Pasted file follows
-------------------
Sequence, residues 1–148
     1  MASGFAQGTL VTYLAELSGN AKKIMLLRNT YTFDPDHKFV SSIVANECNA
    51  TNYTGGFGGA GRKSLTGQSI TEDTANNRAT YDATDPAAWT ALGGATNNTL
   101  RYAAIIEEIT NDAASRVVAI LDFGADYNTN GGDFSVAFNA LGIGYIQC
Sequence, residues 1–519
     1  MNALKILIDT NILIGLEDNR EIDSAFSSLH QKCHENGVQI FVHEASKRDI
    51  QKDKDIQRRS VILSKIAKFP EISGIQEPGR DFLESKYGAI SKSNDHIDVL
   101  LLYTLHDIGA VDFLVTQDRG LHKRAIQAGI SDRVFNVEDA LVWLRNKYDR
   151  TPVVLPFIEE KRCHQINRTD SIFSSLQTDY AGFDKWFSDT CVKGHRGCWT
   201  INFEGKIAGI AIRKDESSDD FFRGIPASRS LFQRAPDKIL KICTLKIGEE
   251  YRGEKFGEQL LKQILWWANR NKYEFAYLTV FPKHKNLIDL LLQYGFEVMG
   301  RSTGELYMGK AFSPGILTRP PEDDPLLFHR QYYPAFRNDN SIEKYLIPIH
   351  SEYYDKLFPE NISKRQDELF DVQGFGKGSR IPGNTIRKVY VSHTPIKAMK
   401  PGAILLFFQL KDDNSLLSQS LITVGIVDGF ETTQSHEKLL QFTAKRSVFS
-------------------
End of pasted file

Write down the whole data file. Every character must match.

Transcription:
Sequence, residues 1–148
     1  MASGFAQGTL VTYLAELSGN AKKIMLLRNT YTFDPDHKFV SSIVANECNA
    51  TNYTGGFGGA GRKSLTGQSI TEDTANNRAT YDATDPAAWT ALGGATNNTL
   101  RYAAIIEEIT NDAASRVVAI LDFGADYNTN GGDFSVAFNA LGIGYIQC
Sequence, residues 1–519
     1  MNALKILIDT NILIGLEDNR EIDSAFSSLH QKCHENGVQI FVHEASKRDI
    51  QKDKDIQRRS VILSKIAKFP EISGIQEPGR DFLESKYGAI SKSNDHIDVL
   101  LLYTLHDIGA VDFLVTQDRG LHKRAIQAGI SDRVFNVEDA LVWLRNKYDR
   151  TPVVLPFIEE KRCHQINRTD SIFSSLQTDY AGFDKWFSDT CVKGHRGCWT
   201  INFEGKIAGI AIRKDESSDD FFRGIPASRS LFQRAPDKIL KICTLKIGEE
   251  YRGEKFGEQL LKQILWWANR NKYEFAYLTV FPKHKNLIDL LLQYGFEVMG
   301  RSTGELYMGK AFSPGILTRP PEDDPLLFHR QYYPAFRNDN SIEKYLIPIH
   351  SEYYDKLFPE NISKRQDELF DVQGFGKGSR IPGNTIRKVY VSHTPIKAMK
   401  PGAILLFFQL KDDNSLLSQS LITVGIVDGF ETTQSHEKLL QFTAKRSVFS